Red Hat and Rackspace have won an early dismissal of a patent infringement claim brought by Uniloc, in a decision the companies are hailing as a potential landmark in intellectual property law.
Unlioc had sued Rackspace in June 2012, saying that the Linux OS violated a patent Uniloc holds related to processing floating-point numbers. Rackspace uses Red Hat's flavor of Linux. The software vendor defended Rackspace in the case as part of its Open Source Assurance program for customers, according to a statement.
The defense filed a motion to dismiss Unlioc's claim, and it was granted this week by U.S. District Court Judge Leonard Davis.
Uniloc holds U.S. Patent No. 5,892,697, which contains 27 claims, but only brought the first claim into the case against Rackspace, according to Davis' ruling, which was filed Wednesday in U.S. District Court for the Eastern District of Texas. That claim "merely constitutes an improvement on the known method for processing floating-point numbers," and is not patentable, according to Davis.
"Even when tied to computing, since floating-point numbers are a computerized numeric format, the conversion of floating-point numbers has applications across fields as diverse as science, math, communications, security, graphics, and games," Davis added. "Thus, a patent on Claim 1 would cover vast end uses, impeding the onward march of science."
A Unliloc spokesman didn't immediately respond to a request for comment on Davis' ruling.
Uniloc has many other pending patent cases against technology companies.
Critics have called the company a nonpracticing entity as well as the more pejorative term "patent troll," which is meant to suggest Uniloc's main purpose is to collect patents and file intellectual property lawsuits in search of licensing fees or damages, and not to develop actual products for market.
Uniloc "is in the business of finding big ideas," according to its website. "We have focused on technology that is incredibly complex to develop, but elegantly simple to execute."
Its primary patent, U.S. No. 5,490,216, focuses on software antipiracy. Uniloc sued Microsoft in 2003, alleging that antipiracy features in Windows XP and Office XP violated its patent. Uniloc initially won the case and was awarded $388 million, but a judge later overturned the decision. Uniloc is appealing.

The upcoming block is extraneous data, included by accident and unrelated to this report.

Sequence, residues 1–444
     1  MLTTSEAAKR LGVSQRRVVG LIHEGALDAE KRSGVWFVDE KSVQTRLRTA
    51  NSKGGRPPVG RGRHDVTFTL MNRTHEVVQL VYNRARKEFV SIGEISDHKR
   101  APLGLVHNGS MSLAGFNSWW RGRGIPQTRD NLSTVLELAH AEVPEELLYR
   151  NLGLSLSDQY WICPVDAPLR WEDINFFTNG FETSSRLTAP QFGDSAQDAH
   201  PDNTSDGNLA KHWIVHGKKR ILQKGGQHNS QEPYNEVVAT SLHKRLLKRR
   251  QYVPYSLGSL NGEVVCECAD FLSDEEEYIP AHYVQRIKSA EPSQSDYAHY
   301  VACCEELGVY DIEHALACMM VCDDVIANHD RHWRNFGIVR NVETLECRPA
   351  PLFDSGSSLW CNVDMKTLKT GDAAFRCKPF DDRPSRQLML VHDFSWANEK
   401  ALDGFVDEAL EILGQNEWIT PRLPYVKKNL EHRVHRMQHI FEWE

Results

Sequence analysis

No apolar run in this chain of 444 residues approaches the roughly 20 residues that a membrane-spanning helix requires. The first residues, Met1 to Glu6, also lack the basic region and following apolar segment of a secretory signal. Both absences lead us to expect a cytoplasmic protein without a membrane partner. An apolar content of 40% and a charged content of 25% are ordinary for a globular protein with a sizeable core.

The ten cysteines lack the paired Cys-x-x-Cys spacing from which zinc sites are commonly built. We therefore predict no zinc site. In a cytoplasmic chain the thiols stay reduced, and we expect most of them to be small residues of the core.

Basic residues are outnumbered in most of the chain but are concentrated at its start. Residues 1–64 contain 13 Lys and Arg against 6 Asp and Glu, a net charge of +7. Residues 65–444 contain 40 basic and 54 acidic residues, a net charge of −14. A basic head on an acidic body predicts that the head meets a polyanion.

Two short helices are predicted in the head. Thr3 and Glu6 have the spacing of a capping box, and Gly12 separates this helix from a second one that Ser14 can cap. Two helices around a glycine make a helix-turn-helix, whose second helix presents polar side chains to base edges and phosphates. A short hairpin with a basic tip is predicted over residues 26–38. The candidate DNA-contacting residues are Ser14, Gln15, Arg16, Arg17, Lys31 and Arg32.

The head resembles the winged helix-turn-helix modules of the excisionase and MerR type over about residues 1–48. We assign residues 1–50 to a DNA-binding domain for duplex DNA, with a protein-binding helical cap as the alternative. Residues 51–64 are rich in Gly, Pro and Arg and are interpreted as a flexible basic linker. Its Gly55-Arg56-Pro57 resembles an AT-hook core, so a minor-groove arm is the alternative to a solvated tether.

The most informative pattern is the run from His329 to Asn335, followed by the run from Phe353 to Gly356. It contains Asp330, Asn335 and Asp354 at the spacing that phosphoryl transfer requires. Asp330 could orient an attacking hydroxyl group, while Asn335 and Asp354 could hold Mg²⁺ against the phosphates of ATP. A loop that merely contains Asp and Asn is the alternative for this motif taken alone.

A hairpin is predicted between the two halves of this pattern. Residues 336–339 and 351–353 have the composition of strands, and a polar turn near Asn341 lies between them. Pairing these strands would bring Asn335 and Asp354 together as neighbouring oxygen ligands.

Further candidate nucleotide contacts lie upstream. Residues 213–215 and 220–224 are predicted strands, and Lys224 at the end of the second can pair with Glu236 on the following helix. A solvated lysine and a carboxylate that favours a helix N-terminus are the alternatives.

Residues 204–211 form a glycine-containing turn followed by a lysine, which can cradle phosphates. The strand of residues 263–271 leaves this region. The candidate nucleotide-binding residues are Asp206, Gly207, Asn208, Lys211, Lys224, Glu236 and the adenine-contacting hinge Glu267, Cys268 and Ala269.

The company is unapologetic about its legal actions.
"Uniloc plans to defend our patents aggressively whenever they are infringed," states a question-and-answer page on its website. "This protects our business and our shareholder value. In our view, it's the right thing to do."
Red Hat and Rackspace hold a different view.
Patent suits like those brought by Unlioc are "a chronic and serious problem for the technology industry," said Rob Tiller, assistant general counsel at Red Hat, in a statement. The judge's ruling "set a great example for future cases," Tiller added.
The early dismissal "delivers a clear message that patent assertion entities can't expect quick settlements on weak claims, a tactic many patent assertion entities use to monetize questionable patents," Rackspace general counsel Alan Schoenbaum said in another statement.
In addition, Davis' ruling has set a potentially important precedent, as it is the "first reported instance in which the Eastern District of Texas has granted an early motion to dismiss finding a patent invalid because it claimed unpatentable subject matter," according to the companies. The court has been viewed as overly favorable toward plaintiffs in patent cases.
Chris Kanaracus covers enterprise software and general technology breaking news for The IDG News Service. Chris' email address is Chris_Kanaracus@idg.com
Join the CIO Australia group on LinkedIn. The group is open to CIOs, IT Directors, COOs, CTOs and senior IT managers.